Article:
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Last Updated 05.04.2020 | 4:31 PM IST
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“Aamir Khan said ‘no’ to my film” – Roger Spottiswoode


Ever thought what it would read like if I had to transcribe my interview with the director of Tomorrow Never Dies by taking the best lines from the same movie? Take a sneak peek: Roger Spottiswoode (RS) - Good Morning. What kind of havoc shall the Harrow Observer columnist and Bollywood Hungama's London correspondent create in the world today? Devansh Patel (DP) - The Mumbai Film Festival coverage, some bikini babes from Bond movies and an Indian Bond. RS: Outstanding! Did you know the distance between insanity and genius is measured only by success? DP: Well, I'm here to find out just that. RS: With all due respect, I don't think you have the balls for this job. DP: Perhaps. But the advantage is, I don't have to think with them all the time. RS: I hope not, but accidents do happen. DP: Oh yea? They frequently do with journalists like me. RS: Well, that takes care of the normal wear n tear. I also believe you have two things that belong to me. DP: I really don't have Michelle Yeoh and Teri Hatcher. You can check me. RS: You forgot the rule of mass media: Give people what they want. DP: I owe you a pleasant interview. That's what I can give. RS: I think we understand each other. It'll be a fun chat. DP: And they say journalists don't know how to have fun. My editor told me once: A key to a great story is not who, or what, or when, but why. RS: Why? It's time to Bond well, that's why. So press that magic button on your dictaphone. DP: You see, Mr Roger, I have a backup plan too. RS: No Mr Patel. Not Roger. My name is Spottiswoode, Roger Spottiswoode. You got that?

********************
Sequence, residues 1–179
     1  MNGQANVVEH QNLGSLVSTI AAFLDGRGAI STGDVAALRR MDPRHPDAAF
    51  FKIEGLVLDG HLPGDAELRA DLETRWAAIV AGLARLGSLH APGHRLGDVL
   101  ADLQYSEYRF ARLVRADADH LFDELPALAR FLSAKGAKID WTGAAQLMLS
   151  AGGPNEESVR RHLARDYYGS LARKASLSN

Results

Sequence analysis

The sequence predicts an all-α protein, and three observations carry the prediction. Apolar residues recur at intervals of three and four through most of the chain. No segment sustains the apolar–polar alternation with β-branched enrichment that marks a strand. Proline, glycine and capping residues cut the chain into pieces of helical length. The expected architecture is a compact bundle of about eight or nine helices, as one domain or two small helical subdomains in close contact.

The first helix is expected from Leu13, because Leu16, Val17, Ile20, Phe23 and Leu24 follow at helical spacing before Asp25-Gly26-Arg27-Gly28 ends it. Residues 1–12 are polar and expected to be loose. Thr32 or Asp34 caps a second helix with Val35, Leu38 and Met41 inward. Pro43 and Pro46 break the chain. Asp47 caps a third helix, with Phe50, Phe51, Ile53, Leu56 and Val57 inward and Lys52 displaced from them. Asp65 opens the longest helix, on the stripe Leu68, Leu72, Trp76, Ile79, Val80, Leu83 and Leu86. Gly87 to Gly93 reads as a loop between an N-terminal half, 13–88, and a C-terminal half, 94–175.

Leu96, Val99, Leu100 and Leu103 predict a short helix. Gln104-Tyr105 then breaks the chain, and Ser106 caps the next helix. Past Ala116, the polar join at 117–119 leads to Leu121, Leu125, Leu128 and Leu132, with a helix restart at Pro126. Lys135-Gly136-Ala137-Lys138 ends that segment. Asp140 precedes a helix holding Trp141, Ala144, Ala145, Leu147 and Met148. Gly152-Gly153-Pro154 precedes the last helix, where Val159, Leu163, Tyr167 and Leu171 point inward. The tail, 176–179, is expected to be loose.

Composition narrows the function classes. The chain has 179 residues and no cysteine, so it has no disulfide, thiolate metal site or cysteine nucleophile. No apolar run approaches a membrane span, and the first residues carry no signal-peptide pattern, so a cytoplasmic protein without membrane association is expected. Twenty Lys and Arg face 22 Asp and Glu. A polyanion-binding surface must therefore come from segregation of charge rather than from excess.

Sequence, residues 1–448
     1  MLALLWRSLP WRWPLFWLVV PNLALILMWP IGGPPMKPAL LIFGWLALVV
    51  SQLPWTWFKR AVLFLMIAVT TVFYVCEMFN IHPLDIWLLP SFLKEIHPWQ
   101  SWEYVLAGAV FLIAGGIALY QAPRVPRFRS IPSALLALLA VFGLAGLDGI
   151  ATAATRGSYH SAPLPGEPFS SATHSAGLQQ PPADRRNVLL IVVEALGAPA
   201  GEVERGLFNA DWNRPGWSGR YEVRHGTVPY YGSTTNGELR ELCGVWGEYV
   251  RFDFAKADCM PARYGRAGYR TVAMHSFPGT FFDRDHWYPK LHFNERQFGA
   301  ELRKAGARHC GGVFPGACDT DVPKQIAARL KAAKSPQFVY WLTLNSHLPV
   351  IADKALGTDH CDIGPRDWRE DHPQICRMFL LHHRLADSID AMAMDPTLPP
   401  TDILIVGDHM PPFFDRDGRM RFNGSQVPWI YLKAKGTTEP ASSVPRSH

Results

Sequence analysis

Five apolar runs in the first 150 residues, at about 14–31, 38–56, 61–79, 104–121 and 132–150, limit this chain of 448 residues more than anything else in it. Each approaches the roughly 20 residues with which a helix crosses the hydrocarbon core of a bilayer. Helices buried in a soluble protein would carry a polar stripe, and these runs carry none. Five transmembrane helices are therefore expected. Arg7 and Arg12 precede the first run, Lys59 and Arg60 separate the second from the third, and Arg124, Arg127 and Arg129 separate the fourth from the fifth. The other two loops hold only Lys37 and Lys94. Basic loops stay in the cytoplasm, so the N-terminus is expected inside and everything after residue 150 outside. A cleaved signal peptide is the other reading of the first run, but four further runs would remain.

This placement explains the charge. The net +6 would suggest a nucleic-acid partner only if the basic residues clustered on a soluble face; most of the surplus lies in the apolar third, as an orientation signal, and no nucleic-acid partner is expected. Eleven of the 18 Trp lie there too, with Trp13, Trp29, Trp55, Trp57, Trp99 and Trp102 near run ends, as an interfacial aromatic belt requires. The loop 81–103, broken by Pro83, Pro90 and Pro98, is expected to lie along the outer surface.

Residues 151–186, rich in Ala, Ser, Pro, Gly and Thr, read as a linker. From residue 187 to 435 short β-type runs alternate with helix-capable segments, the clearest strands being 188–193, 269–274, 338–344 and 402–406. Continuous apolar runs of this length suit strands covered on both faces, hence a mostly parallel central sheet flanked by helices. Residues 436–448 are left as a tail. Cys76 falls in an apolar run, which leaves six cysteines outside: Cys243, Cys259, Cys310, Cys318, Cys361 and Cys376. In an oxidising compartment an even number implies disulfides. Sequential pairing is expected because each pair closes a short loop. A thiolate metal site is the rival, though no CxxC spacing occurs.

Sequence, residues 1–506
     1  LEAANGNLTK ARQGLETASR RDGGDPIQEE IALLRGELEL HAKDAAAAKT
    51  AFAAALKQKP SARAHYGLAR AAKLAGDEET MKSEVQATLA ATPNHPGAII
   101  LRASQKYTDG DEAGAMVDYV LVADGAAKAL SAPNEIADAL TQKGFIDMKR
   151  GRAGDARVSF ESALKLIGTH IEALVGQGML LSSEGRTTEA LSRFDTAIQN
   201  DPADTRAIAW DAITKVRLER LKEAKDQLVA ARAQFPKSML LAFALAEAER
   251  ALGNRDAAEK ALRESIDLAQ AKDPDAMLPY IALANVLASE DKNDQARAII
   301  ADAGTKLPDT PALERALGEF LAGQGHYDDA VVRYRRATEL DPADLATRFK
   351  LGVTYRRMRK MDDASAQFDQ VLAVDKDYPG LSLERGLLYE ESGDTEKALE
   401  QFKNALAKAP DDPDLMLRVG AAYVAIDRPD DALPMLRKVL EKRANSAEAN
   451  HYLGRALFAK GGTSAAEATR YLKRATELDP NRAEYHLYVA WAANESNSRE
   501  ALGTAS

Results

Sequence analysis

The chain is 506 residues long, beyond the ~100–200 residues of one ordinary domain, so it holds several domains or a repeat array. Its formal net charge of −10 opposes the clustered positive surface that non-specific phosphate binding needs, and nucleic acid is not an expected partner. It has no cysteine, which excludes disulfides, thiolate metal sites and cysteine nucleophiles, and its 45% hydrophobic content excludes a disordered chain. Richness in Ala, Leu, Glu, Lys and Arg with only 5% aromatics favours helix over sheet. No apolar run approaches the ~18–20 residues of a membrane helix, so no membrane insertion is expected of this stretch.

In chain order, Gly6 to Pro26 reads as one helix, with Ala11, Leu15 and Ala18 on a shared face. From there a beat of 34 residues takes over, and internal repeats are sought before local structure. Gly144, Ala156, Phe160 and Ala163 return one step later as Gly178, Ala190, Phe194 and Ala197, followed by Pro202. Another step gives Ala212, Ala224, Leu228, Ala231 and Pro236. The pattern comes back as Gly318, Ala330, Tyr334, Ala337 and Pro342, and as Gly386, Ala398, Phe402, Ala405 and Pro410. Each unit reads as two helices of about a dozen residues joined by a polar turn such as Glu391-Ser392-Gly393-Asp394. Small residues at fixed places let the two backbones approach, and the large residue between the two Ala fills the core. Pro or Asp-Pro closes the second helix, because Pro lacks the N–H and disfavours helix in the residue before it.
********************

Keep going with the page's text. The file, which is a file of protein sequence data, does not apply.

Devansh Patel: After seeing Tomorrow Never Dies, did anyone come up to you and say - Roger that?


Roger Spottiswoode: (laughs) Oh yes, they did. I'm sure they did.


DP: Is this your first visit to Mumbai and the festival?


RS: No, this isn't my first visit to Mumbai but to the festival, yes. This is my first time. I was in Stuttgart attending an Indian Film Festival when I received a kind invitation to attend the Mumbai Film Festival.

DP: What's the first thing that comes to your mind when I say Mumbai?


RS: It's definitely not the word Bollywood (laughs). But yes, I think for me, it's the India as a country that fascinates me. I've been to Mumbai before and I love Kerala. I haven't been to Delhi but would love to visit once. I'm also not a big fan of musicals.


DP: That means you aren't a fan of Baz Luhrmann.


RS: (laughs) He is a wonderful man and makes good films but I am just saying that I'm not a fan of musicals.

DP: So, which Bollywood movies have you seen and liked?


RS: I've seen Lagaan and I loved it. I met Aamir Khan last year and it was a terrific meeting.


DP: What did you like in Lagaan?

RS: It is inconceivable that you could propose to a financier or a studio or anyone, that you could make a film on issues, on maguffin (as Hitchcock called it the central plot) that deals with taxation. The idea is ludicrous and more when the idea can be solved by playing a game of cricket. Wow! That's bizarre. What's extraordinary is the fact that he ends up making a film that's political and entertaining. I mean the actor who played the role of the 'untouchable' ends up being a spin bowler and everyone touches him. Yes, it has songs but let's leave that aside (laughs). Lagaan deserved an Oscar.


DP: Why did you meet him?


RS: I was trying to make a movie on India's greatest mathematician - Ramanujan. I wanted to have Aamir Khan play Ramanujan but he declined my offer. I guess it was right for him to do so. It was Aamir who declined the offer and not me. He thought that he was too old to play the role of Ramanujan. But I knew that I'd do justice to the role if he had said a simple 'yes' (smiles).


DP: And who have you thought of now to play Ramanujan?

RS: South Indian actor Siddharth will now be playing Ramanujan. The movie is shot in Chennai and I am really excited with this film of mine. It's going to be a big one.


DP: Filmmakers in the West have always depicted a sorrow state of India in their movies. What would you like to see coming out of the emerging India?